Under proposed SIS Reg 6.45, if a valid application is accepted by a fund trustee they must split the contributions as soon as practicable, but in any case within 90 days of receiving that application.

Non-commutable income streams

Importantly, a receiving spouse that meets the above age and retirement requirements can commence to be paid a non-commutable income stream (on or after they reach their preservation age) and still take advantage of these new provisions.

These Regulations have not been tabled, and are subject to comments from both the superannuation industry and public. Accordingly, these points may differ from the regulations finally tabled in Parliament.

Comment

The current draft regulations have been subject to extensive industry comment. The initial draft regulations allowed all of a person s contributions made in the previous financial year to be split with their spouse. As noted above the current draft regulations limit the amount of the previous year s contributions that can be split.

Position of significant interest groups/press commentary

The Association of Superannuation Funds of Australia (ASFA) stated in its response to the 2002 Consultation Paper that it:

supports Government policies that assist families, especially those with broken paid work patterns, to maximise the benefits available in superannuation and in retirement. The splitting proposal could improve the economic position of women (and couples) where one spouse is only able to work part time or for a reduced period of time.(16)

However, ASFA suggested that a better result could be achieved in terms of maximising retirement benefits, along with providing a simple and efficient system, if the splitting occurred at the retirement point of either spouse. ASFA recognises that this leads to the non-working spouse not having control over superannuation assets to the same extent as through annual contributions splitting, but believes it will give a better outcome in the future. They also recognise that their proposal will probably need to be restricted to benefits accumulated after a specific date due to budgetary constraints.(17) Both the Investment and Financial Services Association (IFSA)(18) and CPA Australia(19) also support the splitting of superannuation at the end benefit, or retirement stage.

ASFA has also observed that there would be a low take up rate of contribution splitting by younger couples and that it would be more attractive to more mature people that actively plan and supplement their retirement income saving. Nevertheless, ASFA stated it was concerned about the complexity of the options in the consultation paper and the impact it would have on administration costs for funds.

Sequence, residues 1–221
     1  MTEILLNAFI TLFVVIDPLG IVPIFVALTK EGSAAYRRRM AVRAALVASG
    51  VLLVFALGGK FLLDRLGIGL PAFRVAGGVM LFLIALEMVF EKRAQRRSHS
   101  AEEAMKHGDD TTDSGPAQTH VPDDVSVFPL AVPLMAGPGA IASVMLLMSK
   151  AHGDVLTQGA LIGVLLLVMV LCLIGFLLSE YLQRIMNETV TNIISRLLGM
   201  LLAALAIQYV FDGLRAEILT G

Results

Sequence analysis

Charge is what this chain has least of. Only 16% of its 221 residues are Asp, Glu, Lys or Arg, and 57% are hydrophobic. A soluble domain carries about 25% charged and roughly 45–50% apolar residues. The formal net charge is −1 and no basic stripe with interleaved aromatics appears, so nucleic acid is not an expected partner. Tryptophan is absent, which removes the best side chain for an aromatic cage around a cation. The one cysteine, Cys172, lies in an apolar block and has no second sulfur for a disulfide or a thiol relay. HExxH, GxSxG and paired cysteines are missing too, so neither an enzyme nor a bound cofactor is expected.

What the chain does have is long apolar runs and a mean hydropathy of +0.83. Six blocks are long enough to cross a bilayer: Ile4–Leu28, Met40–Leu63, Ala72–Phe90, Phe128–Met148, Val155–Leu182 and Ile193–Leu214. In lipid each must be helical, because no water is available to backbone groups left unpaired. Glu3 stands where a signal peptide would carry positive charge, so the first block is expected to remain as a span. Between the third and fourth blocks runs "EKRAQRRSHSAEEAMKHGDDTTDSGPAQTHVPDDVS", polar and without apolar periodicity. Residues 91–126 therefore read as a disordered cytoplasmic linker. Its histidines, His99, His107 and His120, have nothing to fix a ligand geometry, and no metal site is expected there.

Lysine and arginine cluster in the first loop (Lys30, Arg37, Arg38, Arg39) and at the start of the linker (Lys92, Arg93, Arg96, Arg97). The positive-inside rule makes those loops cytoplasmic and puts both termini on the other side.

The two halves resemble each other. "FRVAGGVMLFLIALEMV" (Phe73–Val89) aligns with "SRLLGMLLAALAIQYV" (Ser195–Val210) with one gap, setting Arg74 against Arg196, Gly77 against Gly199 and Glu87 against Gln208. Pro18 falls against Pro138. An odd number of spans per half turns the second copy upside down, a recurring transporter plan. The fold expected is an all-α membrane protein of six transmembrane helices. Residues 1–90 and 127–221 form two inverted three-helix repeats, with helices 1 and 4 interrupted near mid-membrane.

Other suggestions included in submissions to the Commonwealth Government in response to the 2002 consultation Paper were:

  • allowing 100 per cent of employer contributions (that is the employer s Superannuation Guarantee payments made on behalf of the employee and other employer contributions) being available for splitting [supported by the Corporate Superannuation Association and the Law Council of Australia]

  • extending the policy to defined benefit funds [supported by the Law Council of Australia], and

  • giving funds the flexibility to determine the splitting administrative processes (prospective splitting, annual splitting or some other option) based on their structure and current administrative set up [supported by the Law Council of Australia].(20)

More recent comment by the superannuation industry has welcomed the current bill. In a press release following the 2005 06 budget ASFA noted that

ASFA also welcomes the introduction of superannuation splitting arrangements from 1 July 2006. This will allow a fund member to split their compulsory and personal super contributions with their spouse, to enable them to receive part of the contribution. This improves the taxation position for families at retirement.(21)

Deputy Chief Executive of the Investment and Financial Services Association (ISFA), Mr John O Shaughnessy has noted:

ISFA has long supported the principle that couples should be able to plan effectively for retirement together .The Assistant Treasurer and Treasury are to be commended on this Bill.(22)

Pros and cons

The advantages of the superannuation contribution splitting policy are:

  • single income couples will have access to two ETP low rate thresholds(23) and two separate Reasonable Benefit Limits (RBL)(24)